I did a little search in this thread, but I didn't find anything about a recommended partition table for those that want to do it manually. The guide as published by the person starting this thread is excellent, but it only describes creating a two partition set-up. One for the swap and one for everything else. It seems to me that the guide would be better if it recommended a three partition table for beginners:
1. A swap partition (twice the size of your RAM - if swap is too small, then 'hibernate' and 'suspend' won't work)
2. A second partition formatted as Ext3 and with the mount point of '/',
3. A third partition (also formatted as Ext3) for the home directory (mount point of '/home').
I'm sure people could offer alternative partition layouts, but this 3 partition system is nice and simple for beginners and it will help them greatly when they want to get the latest version of Linux Mint. All they will have to do is then do a fresh install, whilst leaving all the files in the home directory intact. A clear description of how to do this in the guide would be extremely useful!
I believe this is the best way of getting the latest version of Mint - the other two methods are no way near as good. Firstly, the upgrade system as described here (http://www.linuxmint.com/blog/?p=1144
) is not reliable at all and can lead to all sorts of problems for beginners. And secondly, doing a fresh install where you don't have a separate home partition means that you will then need to recopy all your files from a backup onto your computer once the fresh installation is completed. If you use the manual three partition method for installing Mint, then when you do a fresh install, you can leave all your saved files in the Home directory intact, along with all your personal settings (which is a very big bonus). Surely, we MUST recommend this to beginners and then they will all appreciate that it is actually an easy and enjoyable experience to do a fresh install of the latest Mint operating system. Even if the 'upgrade' tools are improved, I think I would still prefer a fresh install using the separate home partition method.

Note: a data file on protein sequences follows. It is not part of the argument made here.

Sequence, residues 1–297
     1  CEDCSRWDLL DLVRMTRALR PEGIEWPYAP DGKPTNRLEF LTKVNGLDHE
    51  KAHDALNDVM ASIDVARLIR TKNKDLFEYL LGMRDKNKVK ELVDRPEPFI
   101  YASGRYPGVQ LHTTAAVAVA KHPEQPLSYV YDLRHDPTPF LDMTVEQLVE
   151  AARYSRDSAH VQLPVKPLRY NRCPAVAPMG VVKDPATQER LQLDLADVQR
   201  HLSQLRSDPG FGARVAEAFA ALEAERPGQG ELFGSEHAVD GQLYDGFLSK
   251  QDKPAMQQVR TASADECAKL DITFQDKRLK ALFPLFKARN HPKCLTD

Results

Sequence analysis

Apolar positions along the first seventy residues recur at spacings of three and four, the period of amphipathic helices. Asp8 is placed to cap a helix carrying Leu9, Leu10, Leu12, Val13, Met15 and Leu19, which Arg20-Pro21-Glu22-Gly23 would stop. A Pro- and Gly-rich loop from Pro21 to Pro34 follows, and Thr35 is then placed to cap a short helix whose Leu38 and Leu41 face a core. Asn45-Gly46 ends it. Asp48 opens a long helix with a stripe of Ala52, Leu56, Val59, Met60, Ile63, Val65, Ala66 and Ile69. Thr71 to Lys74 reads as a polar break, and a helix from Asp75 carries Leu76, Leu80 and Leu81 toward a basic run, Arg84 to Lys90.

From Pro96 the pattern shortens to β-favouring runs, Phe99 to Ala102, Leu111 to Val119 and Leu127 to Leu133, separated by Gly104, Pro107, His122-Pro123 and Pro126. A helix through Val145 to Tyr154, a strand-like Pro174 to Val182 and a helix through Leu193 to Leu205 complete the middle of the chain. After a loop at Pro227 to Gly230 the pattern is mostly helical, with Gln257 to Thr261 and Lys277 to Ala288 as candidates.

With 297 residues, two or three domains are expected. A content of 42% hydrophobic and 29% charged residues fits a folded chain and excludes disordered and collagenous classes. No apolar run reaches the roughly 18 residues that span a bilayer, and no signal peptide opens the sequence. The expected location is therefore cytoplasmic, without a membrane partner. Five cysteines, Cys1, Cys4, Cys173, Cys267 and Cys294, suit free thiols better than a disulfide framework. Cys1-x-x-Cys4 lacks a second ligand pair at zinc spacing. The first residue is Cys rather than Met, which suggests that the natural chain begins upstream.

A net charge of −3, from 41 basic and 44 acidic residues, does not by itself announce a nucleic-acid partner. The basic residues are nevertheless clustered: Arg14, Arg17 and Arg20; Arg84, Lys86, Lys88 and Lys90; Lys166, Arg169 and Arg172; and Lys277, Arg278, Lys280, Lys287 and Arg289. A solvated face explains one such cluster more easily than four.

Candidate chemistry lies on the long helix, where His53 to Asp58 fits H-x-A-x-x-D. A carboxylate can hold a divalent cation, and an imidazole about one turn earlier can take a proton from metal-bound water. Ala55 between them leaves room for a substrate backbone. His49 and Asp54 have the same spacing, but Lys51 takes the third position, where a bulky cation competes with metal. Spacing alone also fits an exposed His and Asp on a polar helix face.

PLEASE NOTE THOUGH: Even with the separate Home partition method of installing Mint, it is VERY important to make a backup of your Home directory beforehand!! (Just in case you make a mistake - for example, some people might accidently tick the format partition box for the '/home' partition. This is necessary if it is a first time install, but NOT if you want your existing files of a Mint 7 installation to remain intact after you have freshly installed Mint 8 ). If you don't make any mistakes, though, your Home directory files and all the settings will be there after the fresh installation of the latest Mint. Everything will work just fine. No need to then start copying all your files and settings over from your backup!
As a general rule, I would always recommend even beginners to use the manual partition method during installation. The 'Guided - use entire disk' partition method often gets the size of swap wrong. This then leads to disappointment when the hibernation and suspend features don't work! (Ok, if the automated partition method makes a mistake with the swap size, it is of course possible to create a swap file to compensate for the existing (and too small) swap partition. But, why not just do it right immediately?...)